To that end, my advice is to give the code a chance; at the very least, when in doubt, use it as the default setting. If you are looking for the solution to a social media ethics question and you have any doubts about what is ethical, always err on the side of applying the same standards as those used in other mediums. It may not please you or jibe with your reporting style, but it will almost certainly put in a group with others who follow these standards and give you a defendable position.


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  • Page Grossman

    This blog post brings me to question, just because the way we present news changes, does it mean that we change the way that we report news? I don’t think so. Just because the medium of publishing changes, doesn’t change the expected integrity of reporting. In actuality, I think that with new technology we should expect more thorough and factual reporting from our journalists. Technology can make the job of reporting easier and faster, we should make use of that, while still upholding our integrity to the highest standards.

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  • Cailey D.

    Although the SPJ ethics code does not mention Facebook or Twitter specifically, I believe the guidelines presented are applicable to these sites as well as other social media sites and means of publication. Regarding journalists being ethical when using social media, I think it is important to always seek information from the most direct source possible and to ask user’s permission before publishing their status update or “tweet”. It’s no different than asking someone if they are willing to talk to you on camera, just ask if the person is willing to let his or her online posts be used on the record. And most importantly, as a journalist, when reporting and obtaining information from social media sites, if it feels like your actions could possibly be perceived as unethical in any way, avoid it.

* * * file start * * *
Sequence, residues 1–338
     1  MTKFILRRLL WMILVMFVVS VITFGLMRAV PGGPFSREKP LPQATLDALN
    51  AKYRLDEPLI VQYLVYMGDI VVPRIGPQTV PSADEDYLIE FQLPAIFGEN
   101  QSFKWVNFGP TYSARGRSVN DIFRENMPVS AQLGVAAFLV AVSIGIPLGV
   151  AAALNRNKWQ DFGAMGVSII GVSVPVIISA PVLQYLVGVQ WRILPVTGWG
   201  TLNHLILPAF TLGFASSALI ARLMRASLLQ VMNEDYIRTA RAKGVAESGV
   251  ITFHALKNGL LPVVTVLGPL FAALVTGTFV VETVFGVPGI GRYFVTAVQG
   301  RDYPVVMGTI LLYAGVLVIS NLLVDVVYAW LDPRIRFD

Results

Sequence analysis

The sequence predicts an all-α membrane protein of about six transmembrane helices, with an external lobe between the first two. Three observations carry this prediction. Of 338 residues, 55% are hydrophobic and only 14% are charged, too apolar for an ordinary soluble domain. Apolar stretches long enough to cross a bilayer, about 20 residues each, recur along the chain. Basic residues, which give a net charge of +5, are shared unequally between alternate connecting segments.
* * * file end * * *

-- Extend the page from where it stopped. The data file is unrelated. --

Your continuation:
• Lawrence White

    I have been posting anonymous blog comment on a newspaper website for several years. This is a small but highly influential regional paper that does not pre edit blog comments. They only respond to comments that have been “flagged.” As a result insulting, threatening and intimidating comments often remain online for days before being removed. This lends to a hostile environment that drives more thoughtful bloggers away.

    Because a progressive voice is rarely heard on this blog I felt it important to provide that perspective to an otherwise far right blog domination, particularly on the issue of gun controls. I did not mind the hostility toward my anonymous ID but then the blog editor allowed my name to be revealed in several online comments earlier this week.

    I feel that the editor’s willingness to allow my name to be known to those who have posted such hostile comments was a huge breach in confidentiality and ethics. When I asked that my name be removed the editor flatly refused. Their reasoning was that my name is evident on another newspaper’s blog so they have no obligation to keep my name private on their blog.

    When I further explained that the other paper where I write a blog column was in a different county and that we pre edit every comment to ensure that insults and threats were not part of the equation, they still refused to remove my name from their more hostile blog.

    I now feel that I am in danger and I am actually considering moving out of the area because of this exposure.

    Am I correct that the willing and ongoing exposure of my real name was unethical and that the newspaper that did so has picked up a considerable amount of liability do their willing breach of confidentiality?

  • this is interesting topic and blog as well, cheers 🙂